MP: Technical glitch delays medical counselling process by 7 hours
The second round of counselling for admission to the MBBS and BDS courses through the National Eligibility and Entrance Test (NEET) commenced after a delay of seven hours at the Gandhi Medical College in Bhopal on Tuesday.bhopal Updated: Oct 05, 2016 05:48 IST
The second round of counselling for admission to the MBBS and BDS courses through the National Eligibility and Entrance Test (NEET) commenced after a delay of seven hours at the Gandhi Medical College in Bhopal on Tuesday.
Though the process was supposed to start at 8 am, it commenced only around 3 pm due to “technical problems”.
Enraged candidates raised slogans against chief minister Shivraj Singh Chouhan and the Directorate of Medical Education (DME), alleging irregularities in the seat-allotment process. Several among them were also heard citing the multi-crore Vyapam scam, which concerned massive irregularities and corruption in the Madhya Pradesh Professional Examination Board.
“The entire process was delayed on purpose, just so that non-domicile students can get admitted to private colleges in the state,” a woman candidate from Ujjain alleged.
GS Patel, the director of medical examination, said the government was simply following the Supreme Court’s directive in this regard. The counselling process would continue till midnight to make up for lost time, he added.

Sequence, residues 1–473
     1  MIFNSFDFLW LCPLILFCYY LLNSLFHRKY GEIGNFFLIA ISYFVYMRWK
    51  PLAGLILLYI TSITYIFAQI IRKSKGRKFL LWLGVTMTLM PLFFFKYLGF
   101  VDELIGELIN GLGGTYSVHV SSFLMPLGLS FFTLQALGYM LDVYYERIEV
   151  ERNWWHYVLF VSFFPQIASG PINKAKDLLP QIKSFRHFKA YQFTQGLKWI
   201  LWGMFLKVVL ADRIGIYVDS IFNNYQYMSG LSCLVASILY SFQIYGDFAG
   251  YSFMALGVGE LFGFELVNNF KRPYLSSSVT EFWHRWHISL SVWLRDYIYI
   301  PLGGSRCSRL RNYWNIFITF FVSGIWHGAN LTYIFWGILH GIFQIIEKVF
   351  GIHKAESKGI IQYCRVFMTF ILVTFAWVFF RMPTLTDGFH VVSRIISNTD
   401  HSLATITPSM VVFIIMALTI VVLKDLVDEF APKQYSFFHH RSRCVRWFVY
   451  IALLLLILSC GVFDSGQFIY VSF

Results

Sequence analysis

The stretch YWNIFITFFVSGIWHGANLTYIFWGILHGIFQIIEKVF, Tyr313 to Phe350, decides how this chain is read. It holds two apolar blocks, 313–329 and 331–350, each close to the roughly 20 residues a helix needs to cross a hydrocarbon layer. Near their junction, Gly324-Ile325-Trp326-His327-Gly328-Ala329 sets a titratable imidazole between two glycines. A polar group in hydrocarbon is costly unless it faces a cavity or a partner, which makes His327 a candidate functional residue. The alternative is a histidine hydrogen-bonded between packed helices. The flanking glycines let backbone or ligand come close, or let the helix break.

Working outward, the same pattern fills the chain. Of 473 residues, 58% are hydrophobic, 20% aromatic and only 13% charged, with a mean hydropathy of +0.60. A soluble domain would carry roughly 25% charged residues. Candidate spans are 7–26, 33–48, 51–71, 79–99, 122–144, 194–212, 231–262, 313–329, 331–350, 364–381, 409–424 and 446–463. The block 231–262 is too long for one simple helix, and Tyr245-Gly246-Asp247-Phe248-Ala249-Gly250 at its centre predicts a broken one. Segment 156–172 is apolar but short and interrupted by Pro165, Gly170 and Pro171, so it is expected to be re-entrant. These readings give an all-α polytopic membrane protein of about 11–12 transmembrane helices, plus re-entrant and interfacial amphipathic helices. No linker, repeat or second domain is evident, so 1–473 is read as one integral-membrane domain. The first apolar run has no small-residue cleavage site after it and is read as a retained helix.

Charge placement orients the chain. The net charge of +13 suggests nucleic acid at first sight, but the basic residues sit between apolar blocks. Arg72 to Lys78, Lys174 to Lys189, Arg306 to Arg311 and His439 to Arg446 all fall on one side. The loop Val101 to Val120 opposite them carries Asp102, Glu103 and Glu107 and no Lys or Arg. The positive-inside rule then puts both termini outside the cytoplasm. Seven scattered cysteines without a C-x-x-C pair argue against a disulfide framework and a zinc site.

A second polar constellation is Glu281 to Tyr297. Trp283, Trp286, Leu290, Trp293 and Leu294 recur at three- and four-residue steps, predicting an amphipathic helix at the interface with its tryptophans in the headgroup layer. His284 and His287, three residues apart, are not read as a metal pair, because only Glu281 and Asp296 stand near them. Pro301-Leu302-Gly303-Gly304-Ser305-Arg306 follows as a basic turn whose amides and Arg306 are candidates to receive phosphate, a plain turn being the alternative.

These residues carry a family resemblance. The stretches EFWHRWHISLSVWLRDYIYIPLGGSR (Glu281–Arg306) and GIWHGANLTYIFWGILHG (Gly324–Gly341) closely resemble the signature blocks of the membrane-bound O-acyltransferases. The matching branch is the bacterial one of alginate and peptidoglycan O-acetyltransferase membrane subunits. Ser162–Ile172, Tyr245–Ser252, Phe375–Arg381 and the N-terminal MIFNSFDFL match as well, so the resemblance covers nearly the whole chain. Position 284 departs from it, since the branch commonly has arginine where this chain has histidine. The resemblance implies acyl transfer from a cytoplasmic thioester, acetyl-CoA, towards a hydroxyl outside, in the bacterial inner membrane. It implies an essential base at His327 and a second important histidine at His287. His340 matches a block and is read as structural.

Candidates, however, did not buy Patel’s argument. “Now they claim to be following the court’s order. But if they had completed the process on September 30, many students from Madhya Pradesh would have been benefitted because the apex court specifically ordered status quo as far as already-admitted candidates are concerned,” one of the agitating students said.
The apex court on Monday directed the DME to complete the process by October 7, and allow non-domicile students to participate. But local candidates argue why students from Maharashtra, Kerala, Rajasthan and Delhi should be allowed in Madhya Pradesh when they are not permitted to sit for admission tests in those states.
Santosh Sharma, a parent, sought the chief minister’s immediate intervention to “protect the future” of the state’s 1,700 candidates. “The problem lies in the affidavit submitted by the APDMC before the apex court, stating that candidates from Madhya Pradesh were not enough to fill the seats. This is why students from other states were allowed to seek admission here,” he alleged.